Feeling the strain

“We were now feeling the strain of the unaccustomed marching. We had done little walking since January and our muscles were out of tune. Skirting the base of the mountain above us, we came to a gigantic bergschrund, a mile and a half long and 1000 ft. deep. We passed through it, under the towering precipice of ice, and at the far end we had another meal and a short rest. This was at 12:30 p.m. Half a pot of steaming Bovril ration warmed us up, and when we marched again ice-inclines at angles of 45 degrees.

“Once more we started for the crest. After another weary climb we reached the top. The snow lay thinly on blue ice at the ridge, and we had to cut steps over the last fifty yards. The same precipice lay below, and my eyes searched vainly for a way down.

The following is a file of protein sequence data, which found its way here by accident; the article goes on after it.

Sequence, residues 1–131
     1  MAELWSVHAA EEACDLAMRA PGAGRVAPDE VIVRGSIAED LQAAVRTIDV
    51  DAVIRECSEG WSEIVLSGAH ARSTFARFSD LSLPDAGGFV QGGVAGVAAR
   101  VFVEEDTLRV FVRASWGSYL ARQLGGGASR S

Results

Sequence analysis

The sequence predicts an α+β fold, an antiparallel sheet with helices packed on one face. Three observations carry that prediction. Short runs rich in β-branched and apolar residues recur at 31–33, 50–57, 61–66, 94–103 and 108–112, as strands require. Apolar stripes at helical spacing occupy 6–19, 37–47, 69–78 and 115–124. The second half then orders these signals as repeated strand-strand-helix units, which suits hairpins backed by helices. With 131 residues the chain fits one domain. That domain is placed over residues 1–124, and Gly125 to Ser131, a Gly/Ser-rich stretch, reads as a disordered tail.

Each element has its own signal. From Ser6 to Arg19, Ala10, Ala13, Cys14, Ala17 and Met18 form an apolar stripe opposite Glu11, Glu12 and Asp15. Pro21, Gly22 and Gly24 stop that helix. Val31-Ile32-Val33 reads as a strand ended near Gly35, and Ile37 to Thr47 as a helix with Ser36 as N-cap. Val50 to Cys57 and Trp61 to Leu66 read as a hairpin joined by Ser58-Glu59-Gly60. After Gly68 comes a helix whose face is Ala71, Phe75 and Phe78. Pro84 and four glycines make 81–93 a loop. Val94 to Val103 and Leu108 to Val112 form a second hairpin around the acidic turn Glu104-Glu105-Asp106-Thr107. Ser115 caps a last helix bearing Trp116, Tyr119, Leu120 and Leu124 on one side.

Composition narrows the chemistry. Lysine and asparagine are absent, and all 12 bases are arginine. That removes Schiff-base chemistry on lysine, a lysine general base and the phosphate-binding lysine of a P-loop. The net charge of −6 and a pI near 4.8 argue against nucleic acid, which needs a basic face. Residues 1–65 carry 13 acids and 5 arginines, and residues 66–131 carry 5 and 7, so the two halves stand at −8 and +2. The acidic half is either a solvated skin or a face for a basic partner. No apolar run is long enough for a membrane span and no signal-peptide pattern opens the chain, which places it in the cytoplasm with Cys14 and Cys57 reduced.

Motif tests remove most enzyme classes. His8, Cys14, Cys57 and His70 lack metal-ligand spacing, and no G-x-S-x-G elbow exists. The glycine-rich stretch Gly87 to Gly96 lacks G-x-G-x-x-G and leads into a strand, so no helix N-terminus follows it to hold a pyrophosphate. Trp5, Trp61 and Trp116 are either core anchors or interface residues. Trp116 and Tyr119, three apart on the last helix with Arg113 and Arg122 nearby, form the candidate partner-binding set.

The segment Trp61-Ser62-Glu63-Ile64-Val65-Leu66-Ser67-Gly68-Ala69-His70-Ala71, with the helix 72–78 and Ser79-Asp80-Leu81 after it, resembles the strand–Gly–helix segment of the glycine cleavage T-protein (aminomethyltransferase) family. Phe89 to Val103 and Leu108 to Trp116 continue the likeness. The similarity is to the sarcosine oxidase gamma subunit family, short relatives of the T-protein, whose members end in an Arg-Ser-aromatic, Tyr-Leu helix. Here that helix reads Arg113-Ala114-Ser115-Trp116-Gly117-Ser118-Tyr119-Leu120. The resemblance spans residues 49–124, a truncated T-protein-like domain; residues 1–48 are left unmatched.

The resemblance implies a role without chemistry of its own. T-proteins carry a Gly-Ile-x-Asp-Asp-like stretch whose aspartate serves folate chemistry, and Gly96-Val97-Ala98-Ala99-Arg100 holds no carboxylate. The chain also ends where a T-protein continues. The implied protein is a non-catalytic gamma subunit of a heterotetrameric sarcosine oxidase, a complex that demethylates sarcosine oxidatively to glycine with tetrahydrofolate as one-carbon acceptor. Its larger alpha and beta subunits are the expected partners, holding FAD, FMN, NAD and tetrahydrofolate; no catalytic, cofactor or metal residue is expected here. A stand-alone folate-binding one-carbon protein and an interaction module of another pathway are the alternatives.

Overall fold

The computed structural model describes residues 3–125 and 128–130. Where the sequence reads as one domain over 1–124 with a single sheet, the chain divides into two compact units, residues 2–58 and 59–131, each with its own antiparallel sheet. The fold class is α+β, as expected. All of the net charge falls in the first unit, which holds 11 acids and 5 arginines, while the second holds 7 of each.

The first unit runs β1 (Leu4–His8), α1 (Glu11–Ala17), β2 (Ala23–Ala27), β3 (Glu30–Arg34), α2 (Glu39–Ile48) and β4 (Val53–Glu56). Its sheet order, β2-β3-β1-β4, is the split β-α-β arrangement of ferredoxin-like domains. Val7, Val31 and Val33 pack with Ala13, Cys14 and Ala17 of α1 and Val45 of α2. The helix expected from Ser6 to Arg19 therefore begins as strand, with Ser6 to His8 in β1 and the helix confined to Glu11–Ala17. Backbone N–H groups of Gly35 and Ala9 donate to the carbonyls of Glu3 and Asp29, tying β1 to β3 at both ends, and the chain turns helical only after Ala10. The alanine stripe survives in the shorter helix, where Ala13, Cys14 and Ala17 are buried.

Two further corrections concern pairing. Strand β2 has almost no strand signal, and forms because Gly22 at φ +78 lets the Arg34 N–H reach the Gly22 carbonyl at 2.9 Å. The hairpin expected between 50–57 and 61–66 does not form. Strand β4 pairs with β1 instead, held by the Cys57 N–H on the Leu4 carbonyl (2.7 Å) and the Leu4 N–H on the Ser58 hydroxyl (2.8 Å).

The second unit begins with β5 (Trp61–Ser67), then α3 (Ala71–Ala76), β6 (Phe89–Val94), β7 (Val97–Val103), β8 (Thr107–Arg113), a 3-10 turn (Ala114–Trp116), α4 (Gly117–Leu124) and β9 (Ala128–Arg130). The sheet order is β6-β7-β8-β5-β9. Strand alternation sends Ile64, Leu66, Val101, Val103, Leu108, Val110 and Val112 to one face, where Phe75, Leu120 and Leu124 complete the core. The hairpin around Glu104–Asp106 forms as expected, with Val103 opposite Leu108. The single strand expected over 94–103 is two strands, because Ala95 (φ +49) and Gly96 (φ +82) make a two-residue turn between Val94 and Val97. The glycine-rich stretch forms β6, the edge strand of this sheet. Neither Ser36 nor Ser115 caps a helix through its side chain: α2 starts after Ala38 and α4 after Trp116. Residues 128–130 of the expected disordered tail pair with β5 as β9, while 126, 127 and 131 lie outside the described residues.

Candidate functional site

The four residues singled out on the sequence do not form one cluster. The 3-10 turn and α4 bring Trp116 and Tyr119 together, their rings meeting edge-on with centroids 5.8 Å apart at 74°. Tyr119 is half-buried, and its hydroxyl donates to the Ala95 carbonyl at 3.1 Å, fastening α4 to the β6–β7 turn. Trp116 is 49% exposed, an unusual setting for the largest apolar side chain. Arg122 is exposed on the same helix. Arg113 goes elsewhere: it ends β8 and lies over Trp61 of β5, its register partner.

“The hot sun had loosened the snow, which was now in a treacherous condition, and we had to pick our way carefully.

“Looking back, we could see that a fog was rolling up behind us and meeting in the valleys a fog that was coming up from the east. The creeping grey clouds were a plain warning that we must get down to lower levels before becoming enveloped.”

— Ernest Shackleton, South

About Ernest Shackleton

Polar Explorer. Leader of the Imperial Trans-Antarctic Expedition, 1914-1917.
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